Five Questions for Sara Elizabeth Williams, courageous freelance journalist who broke the story of U.S. run FSA Training Camp in Jordan

Photo: saraelizabethwilliams.com

Photo: saraelizabethwilliams.com

Last Thursday (4/3/14) freelance Middle East journalist Sara Elizabeth Williams broke the story of a CIA/US Military run training camp for Syrian rebels in the Jordanian desert. VICE UK ran her investigative story, I Learned to Fight Like an American at the FSA Training Camp in Jordan,” which international Syria experts thought hugely significant, yet it got little attention on this side of the Atlantic. Top Syria expert in the US, Joshua Landis, announced on his Twitter account Thursday: “Sara Williams gets the scoop on the top secret FSA Training Camp in Jordan.” This courageous young freelancer revealed, with photos, the ins and outs of this secretive facility.

Sara sees her role as one who will pursue the truth no matter where it leads; her bold reporting will hopefully stir serious national debate in the United States and other countries. She says of her goals as a journalist in the Middle East:

“I think people should know what governments are doing in their name, with their taxes.”

Please carefully read and spread her VICE UK story, I Learned to Fight Like an American at the FSA Training Camp in Jordan.”

Sara kindly agreed to answer Levant Report’s questions on her groundbreaking report:

Levant Report: How did you come to realize that this was such an important story to pursue?

Sara: I think people should know what governments are doing in their name, with their taxes. So when I heard about this covert or less-than-overt US involvement in the Syrian conflict, I thought it was worth pursuing: people – Americans and the rest of us – have a right to know.

LR: Were you able to get a glimpse of the actual training base in the Jordanian desert, either through photos, or viewing from afar? 

Sara: No. I do not know its precise location and I have never attended or seen photos. I have heard a number of rumors pointing to a location, but nothing concrete.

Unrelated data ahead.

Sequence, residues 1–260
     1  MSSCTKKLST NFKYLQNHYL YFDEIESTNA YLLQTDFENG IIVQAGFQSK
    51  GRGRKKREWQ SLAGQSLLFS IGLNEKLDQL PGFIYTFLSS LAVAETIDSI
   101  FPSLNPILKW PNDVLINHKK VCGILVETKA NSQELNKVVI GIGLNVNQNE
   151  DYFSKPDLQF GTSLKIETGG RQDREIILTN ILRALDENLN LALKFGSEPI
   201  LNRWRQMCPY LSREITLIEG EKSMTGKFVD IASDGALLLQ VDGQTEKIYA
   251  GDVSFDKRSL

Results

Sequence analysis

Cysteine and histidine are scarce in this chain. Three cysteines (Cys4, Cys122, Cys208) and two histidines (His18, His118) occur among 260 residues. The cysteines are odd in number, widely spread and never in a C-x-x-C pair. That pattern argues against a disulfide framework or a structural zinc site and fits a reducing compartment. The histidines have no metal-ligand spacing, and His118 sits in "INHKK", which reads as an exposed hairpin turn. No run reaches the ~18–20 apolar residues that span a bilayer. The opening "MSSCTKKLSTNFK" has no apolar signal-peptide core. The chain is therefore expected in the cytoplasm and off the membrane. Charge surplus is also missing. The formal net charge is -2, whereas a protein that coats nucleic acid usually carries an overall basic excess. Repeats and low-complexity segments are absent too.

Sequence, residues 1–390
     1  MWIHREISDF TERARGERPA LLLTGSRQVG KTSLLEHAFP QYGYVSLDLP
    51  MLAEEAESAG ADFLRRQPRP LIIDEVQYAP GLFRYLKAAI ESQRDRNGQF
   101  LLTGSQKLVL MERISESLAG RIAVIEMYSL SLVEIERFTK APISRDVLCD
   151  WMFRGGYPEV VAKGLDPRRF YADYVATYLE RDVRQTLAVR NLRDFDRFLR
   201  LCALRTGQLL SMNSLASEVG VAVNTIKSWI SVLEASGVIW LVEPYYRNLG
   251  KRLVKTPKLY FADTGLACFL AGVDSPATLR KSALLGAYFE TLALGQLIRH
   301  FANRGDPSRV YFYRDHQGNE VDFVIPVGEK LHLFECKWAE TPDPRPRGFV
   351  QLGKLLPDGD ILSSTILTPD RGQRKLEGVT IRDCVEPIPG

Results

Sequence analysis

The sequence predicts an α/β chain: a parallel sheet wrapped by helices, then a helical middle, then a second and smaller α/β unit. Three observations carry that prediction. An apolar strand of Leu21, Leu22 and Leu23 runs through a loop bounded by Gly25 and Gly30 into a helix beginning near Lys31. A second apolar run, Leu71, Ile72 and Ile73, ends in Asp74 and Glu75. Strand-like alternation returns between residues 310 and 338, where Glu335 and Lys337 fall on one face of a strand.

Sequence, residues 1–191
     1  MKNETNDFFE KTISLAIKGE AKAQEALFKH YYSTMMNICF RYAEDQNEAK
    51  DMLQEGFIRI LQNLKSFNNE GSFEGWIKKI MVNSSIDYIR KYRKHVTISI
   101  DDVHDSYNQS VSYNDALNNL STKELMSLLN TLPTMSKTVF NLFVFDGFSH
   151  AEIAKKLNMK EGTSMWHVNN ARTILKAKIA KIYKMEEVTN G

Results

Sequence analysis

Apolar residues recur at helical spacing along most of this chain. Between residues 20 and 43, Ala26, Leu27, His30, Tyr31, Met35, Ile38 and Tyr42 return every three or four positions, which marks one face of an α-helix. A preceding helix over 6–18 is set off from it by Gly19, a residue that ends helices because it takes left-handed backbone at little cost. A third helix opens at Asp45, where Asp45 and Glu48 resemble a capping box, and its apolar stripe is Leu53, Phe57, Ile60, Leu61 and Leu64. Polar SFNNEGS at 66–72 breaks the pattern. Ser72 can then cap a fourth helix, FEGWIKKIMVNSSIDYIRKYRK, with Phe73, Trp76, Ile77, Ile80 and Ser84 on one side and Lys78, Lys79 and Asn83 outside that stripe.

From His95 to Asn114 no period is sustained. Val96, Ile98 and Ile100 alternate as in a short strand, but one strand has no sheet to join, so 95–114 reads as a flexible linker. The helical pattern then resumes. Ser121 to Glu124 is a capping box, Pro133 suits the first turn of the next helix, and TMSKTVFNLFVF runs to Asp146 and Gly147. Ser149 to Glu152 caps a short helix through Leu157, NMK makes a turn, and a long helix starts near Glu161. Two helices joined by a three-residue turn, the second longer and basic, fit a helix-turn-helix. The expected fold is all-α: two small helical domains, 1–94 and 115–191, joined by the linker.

LR: Concerning the US military instructors, did your sources identify which branch or group of the military to which the instructors belonged? (Army Special Forces, Marines, contractors perhaps, etc…)? 

Sara: No he did not.

LR: Did you get the impression that once sent back inside Syria, the fighters would have American oversight or legal accountability monitoring their actions on the battlefield? 

Sara: The fighter I interviewed was aware of no oversight or continued relationship. Other people I have spoken with in Syria, and some articles by leading US and international publications, refer to the US paying salaries to FSA fighters and providing logistical support in an ongoing way, but I do not currently have any knowledge of this.

LR: I understand that you are learning Arabic. There are a number of established Middle East correspondents that don’t speak it – why is it important that you learn Arabic?

Sara: There are some very talented journalists who can cover a region without speaking the language, and do a marvelous job of it. I commend them. For me, learning Arabic is a priority because it gets me closer to the story: operating through an interpreter can have a distancing effect. And when you understand the language you can soak it in from all sides – interviews, chatter on the street, newspapers, television, demonstrations, all of it. You can also be a lot more nimble: no need to hire a translator (as a freelancer, this is significant!) or pause online chats after every line while you check the meaning. Finally, there’s a sense of cultural understanding that comes from knowing a language. And if you can do it, I think that’s important.

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